People Management: Do female leaders need to drop their soft skills to avoid the dreaded ‘glass cliff’?

I was invited by People Management to write a piece about The Glass Cliff, asking if women’s soft skills are to blame for the phenomenon playing out.

My conclusion – rather than overlooking and dismissing the importance of soft skills, usually associated with women, we should instead recognise skills such as Emotional Intelligence, Authenticity, and Empathy for what they really are – essential skills for people of all genders in a modern working landscape.

Rather than asking women or anyone with a strong set of soft skills to tone that skillset down, I would ask businesses to reassess the value of those skills in the workplace.

To use empathy as an example, Forbes recently reported that demonstrating the skill is a ‘strategic imperative in business’, with further research from Catalyst showing that three in five (61 per cent) of people surveyed with highly empathic senior leaders report often or always being innovative at work, as compared to only 13 per cent of those with less empathic senior leaders.

Furthermore, 76 per cent of people surveyed with highly empathic senior leaders report often or always feeling engaged, compared to only 32 per cent of those with less empathic senior leaders.

Working with a leader who displays empathy allows people to be more innovative, to dream bigger and to take more risks in the hope of greater reward for the business – to such a degree that the researchers at the World Economic Forum concluded that “cultivating empathetic leadership is an effective strategy to respond to crisis with the heart and authenticity that many employees crave – and boost productivity”.

The same can be said to be true for EQ. The World Economic Forum looked at the impact of emotional intelligence in the workplace and what it found was incredible. When the WEF tested emotional intelligence alongside a set of 33 other workplace skills, it discovered that EQ was the ‘strongest predictor of performance, explaining a full 58 per cent of success in all types of jobs’.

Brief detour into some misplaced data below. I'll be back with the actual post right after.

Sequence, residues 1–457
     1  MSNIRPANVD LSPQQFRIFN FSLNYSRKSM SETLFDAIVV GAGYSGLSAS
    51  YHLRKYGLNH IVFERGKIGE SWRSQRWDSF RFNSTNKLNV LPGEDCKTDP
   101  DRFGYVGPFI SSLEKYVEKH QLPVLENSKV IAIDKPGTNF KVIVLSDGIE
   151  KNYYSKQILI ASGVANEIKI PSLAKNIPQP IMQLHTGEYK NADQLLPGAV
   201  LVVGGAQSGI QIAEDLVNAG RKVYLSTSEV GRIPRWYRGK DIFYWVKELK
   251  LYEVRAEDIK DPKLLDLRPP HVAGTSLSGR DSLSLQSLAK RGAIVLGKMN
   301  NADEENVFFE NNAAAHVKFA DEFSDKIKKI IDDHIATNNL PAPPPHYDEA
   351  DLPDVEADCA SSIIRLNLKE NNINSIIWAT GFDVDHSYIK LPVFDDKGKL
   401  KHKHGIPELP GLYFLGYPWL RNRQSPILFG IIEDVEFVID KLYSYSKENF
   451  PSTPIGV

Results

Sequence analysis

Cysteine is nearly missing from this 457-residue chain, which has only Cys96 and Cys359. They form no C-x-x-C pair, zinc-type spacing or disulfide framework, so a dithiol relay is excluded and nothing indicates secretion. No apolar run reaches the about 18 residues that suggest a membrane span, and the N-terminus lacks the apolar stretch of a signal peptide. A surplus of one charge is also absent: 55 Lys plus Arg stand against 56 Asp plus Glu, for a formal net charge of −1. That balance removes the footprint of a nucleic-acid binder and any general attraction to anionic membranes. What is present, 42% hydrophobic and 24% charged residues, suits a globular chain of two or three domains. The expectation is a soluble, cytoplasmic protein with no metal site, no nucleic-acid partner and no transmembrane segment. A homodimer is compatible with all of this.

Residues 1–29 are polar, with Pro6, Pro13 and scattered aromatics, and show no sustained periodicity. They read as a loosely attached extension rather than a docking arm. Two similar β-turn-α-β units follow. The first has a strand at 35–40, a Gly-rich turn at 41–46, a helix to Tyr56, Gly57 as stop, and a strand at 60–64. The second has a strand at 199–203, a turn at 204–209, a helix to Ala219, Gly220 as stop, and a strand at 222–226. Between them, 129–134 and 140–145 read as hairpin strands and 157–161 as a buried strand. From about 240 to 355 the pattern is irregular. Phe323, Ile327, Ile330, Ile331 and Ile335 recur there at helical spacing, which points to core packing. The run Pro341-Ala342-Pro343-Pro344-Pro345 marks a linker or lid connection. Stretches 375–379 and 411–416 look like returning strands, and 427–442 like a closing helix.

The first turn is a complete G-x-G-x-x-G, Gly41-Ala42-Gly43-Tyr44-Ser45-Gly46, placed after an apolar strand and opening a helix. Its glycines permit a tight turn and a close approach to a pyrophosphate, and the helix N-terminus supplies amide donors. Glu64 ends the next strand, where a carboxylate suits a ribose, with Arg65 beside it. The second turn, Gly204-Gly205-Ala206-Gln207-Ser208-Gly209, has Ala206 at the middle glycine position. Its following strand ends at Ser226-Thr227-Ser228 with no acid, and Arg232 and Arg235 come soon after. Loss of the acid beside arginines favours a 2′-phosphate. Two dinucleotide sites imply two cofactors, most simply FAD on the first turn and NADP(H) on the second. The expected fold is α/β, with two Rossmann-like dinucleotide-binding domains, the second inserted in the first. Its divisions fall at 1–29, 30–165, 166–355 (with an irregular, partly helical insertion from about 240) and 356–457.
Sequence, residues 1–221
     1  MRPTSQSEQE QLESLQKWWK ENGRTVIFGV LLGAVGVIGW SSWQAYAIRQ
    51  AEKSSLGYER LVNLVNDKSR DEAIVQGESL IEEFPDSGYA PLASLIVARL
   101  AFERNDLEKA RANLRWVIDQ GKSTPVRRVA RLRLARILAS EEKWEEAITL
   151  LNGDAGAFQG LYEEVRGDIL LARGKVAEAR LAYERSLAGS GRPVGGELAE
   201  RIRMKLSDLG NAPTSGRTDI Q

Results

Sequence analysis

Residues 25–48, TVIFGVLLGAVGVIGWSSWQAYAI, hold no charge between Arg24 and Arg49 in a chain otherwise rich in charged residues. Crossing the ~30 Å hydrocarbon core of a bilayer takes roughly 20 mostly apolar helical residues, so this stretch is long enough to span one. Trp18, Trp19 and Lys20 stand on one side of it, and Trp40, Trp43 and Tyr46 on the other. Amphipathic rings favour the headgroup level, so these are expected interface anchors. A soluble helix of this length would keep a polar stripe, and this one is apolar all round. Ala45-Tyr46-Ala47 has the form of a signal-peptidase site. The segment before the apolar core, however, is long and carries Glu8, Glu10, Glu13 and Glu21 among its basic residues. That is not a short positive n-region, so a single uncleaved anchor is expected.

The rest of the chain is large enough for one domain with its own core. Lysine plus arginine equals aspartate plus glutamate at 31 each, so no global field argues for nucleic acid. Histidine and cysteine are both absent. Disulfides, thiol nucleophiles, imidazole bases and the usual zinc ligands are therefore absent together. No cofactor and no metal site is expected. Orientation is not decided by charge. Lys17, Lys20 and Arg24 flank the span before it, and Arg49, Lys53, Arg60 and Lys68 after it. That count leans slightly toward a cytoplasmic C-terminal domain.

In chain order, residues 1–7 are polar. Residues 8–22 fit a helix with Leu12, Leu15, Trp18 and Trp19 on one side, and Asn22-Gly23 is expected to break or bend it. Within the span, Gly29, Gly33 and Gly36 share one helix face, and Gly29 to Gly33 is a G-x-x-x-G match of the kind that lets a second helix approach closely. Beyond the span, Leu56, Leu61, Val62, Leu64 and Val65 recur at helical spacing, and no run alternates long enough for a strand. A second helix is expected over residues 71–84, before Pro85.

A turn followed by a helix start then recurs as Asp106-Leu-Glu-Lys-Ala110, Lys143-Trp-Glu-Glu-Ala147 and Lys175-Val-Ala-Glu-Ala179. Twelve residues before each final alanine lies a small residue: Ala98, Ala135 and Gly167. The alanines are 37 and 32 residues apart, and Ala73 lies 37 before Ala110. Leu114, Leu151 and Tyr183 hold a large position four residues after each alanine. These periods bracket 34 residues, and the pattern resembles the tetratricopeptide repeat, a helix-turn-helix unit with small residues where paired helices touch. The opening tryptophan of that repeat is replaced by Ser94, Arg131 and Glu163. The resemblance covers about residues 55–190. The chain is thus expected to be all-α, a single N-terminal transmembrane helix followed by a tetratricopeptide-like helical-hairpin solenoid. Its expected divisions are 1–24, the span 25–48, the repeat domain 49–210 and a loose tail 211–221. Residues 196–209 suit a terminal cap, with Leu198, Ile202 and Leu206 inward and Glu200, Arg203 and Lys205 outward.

The WEF found that 90 per cent of top performers scored highly in emotional intelligence, versus only 20 per cent of bottom performers, noting that: ‘You can be a top performer without emotional intelligence, but the chances are slim.’

Not only are professionally successful people likely to have a higher EQ, there is also an incredibly strong relationship between the skill set and financial rewards, with the research finding that those workers with a high EQ make, on average, $29,000 more per year than their less emotionally intelligent counterparts.

The link is so strong and direct that every point increase in emotional intelligence adds $1,300 to an annual salary: a finding that remained true for people in all industries, at all levels, in every region of the world. The researchers noted that they “haven’t yet been able to find a job in which performance and pay aren’t tied closely to emotional intelligence”.

Sophie Williams, Author The Glass Cliff, Why Women in Power are Undermined, and How to Fight Back

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